I just told my friend my Wi-Fi password, will he know what I am doing even though he does not connect to my home internet?


2 Answers 2


The answer is yes, he can see what you're doing on the internet when he is connected to your WiFi network.

The encryption protocol used is pretty much irrelevant. Whilst WPA2 will generate a unique session key for each client association, if the attacker captures this he can still decrypt your traffic. Even if the attacker doesn't capture it, he can forge a disassociation and capture the session key when you reconnect, revealing all of your subsequent traffic.

Once someone has your WiFi password, consider it to be the same as them having a LAN cable plugged directly into the router. The WiFi password offers no additional security beyond limiting access to the network itself.


Short answer: WEP? Yes. WPA? Maybe. WPA2? No.

WEP is broken and you shouldn't be using it for a multitude of reasons so we'll skip that. Some WPA networks can be exploited by attackers who do not know the password. http://www.aircrack-ng.org/doku.php?id=tkiptun-ng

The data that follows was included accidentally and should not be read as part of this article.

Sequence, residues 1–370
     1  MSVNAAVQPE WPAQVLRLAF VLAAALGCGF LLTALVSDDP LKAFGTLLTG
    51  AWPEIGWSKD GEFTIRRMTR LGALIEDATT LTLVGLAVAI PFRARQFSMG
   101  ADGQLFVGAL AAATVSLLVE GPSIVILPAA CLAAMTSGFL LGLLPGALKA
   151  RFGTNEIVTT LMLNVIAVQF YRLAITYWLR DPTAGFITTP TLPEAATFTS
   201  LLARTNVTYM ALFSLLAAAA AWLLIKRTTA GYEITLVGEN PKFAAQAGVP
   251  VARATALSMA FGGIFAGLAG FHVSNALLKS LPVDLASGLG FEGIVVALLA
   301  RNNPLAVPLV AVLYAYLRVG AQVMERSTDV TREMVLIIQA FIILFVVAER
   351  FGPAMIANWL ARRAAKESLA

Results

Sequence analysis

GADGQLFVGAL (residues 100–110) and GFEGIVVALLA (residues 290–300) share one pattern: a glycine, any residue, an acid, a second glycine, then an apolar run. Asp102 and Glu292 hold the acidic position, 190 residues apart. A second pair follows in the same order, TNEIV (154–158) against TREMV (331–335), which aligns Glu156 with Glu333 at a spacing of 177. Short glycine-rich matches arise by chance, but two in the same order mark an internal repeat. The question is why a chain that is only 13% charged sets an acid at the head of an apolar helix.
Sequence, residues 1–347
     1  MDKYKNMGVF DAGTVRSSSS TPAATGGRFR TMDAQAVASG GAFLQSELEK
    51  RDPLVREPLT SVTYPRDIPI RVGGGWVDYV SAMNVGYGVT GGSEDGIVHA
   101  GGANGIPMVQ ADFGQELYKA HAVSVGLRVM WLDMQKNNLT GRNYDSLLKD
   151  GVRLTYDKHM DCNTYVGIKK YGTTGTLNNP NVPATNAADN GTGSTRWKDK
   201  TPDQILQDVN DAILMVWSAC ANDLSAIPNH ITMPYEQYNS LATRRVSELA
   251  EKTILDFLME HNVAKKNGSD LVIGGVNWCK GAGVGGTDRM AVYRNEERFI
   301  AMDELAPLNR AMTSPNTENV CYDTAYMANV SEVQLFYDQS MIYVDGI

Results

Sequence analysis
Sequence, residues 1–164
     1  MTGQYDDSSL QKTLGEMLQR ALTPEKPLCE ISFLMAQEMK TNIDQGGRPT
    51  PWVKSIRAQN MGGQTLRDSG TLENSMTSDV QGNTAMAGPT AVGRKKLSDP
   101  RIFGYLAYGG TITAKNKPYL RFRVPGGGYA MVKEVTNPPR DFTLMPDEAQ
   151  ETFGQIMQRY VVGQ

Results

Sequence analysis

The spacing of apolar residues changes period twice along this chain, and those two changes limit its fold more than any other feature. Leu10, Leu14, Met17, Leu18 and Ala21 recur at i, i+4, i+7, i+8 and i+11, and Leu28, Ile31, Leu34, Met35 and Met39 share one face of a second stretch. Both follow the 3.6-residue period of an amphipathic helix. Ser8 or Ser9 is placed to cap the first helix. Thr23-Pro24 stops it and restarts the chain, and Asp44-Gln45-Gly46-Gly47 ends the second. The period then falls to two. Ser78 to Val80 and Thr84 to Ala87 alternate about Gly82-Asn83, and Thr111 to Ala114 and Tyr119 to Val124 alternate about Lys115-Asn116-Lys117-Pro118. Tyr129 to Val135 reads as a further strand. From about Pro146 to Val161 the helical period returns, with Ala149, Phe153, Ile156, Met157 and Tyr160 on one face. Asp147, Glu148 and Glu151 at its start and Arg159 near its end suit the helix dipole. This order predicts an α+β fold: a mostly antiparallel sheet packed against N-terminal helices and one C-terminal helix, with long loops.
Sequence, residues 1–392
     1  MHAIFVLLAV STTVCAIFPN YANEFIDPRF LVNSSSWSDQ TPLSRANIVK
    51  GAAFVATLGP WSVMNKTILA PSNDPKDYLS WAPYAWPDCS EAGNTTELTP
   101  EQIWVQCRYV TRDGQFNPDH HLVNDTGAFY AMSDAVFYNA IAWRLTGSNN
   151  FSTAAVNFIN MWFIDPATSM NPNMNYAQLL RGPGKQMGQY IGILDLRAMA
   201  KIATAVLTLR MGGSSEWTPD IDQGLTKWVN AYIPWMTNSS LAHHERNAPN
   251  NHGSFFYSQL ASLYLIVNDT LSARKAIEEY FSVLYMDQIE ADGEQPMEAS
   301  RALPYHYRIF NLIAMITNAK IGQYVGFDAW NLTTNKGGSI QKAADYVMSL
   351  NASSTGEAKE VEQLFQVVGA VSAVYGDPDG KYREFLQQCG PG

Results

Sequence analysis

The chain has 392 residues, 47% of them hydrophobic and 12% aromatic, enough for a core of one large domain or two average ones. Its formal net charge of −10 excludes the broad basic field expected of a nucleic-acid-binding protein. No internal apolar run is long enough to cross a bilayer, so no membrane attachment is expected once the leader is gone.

WPA2 is what you should be using. In this scheme each client connected to the access point encrypts his traffic with a different key so other clients (both on or off the network) cannot decrypt or read the traffic.

There is such an attack called ARP spoofing, in which the attacker will trick the victim computer into thinking the attacker is the router. The attacker can then decrypt the traffic and send it on the the real router. This requires that the attacker is connected to the network at the time of the attack, which is not difficult to do if he knows the password.

  • You should say "Short answer: yes" as you explain in your text why WPA and WPA2 are not secure like this (ARP spoofing).
    – paj28
    Apr 1, 2014 at 9:57
  • I disagree. If the attacker captures the session key he can still decrypt all of your traffic. If he doesn't capture it he can force a disassociation and capture it when you reconnect. Apr 1, 2014 at 10:28
  • @paj28 ARP spoofing requires the attacker to be connected to the network but the question states that "even though he does not connect to my home internet". Apr 1, 2014 at 10:42
  • @ScottHelme This is not an attack I have heard of. Can you provide a source explaining how it works? Apr 1, 2014 at 10:43
  • 2
    How about keeping comments civil guys! Cleaning up...
    – Rory Alsop
    Apr 1, 2014 at 22:48

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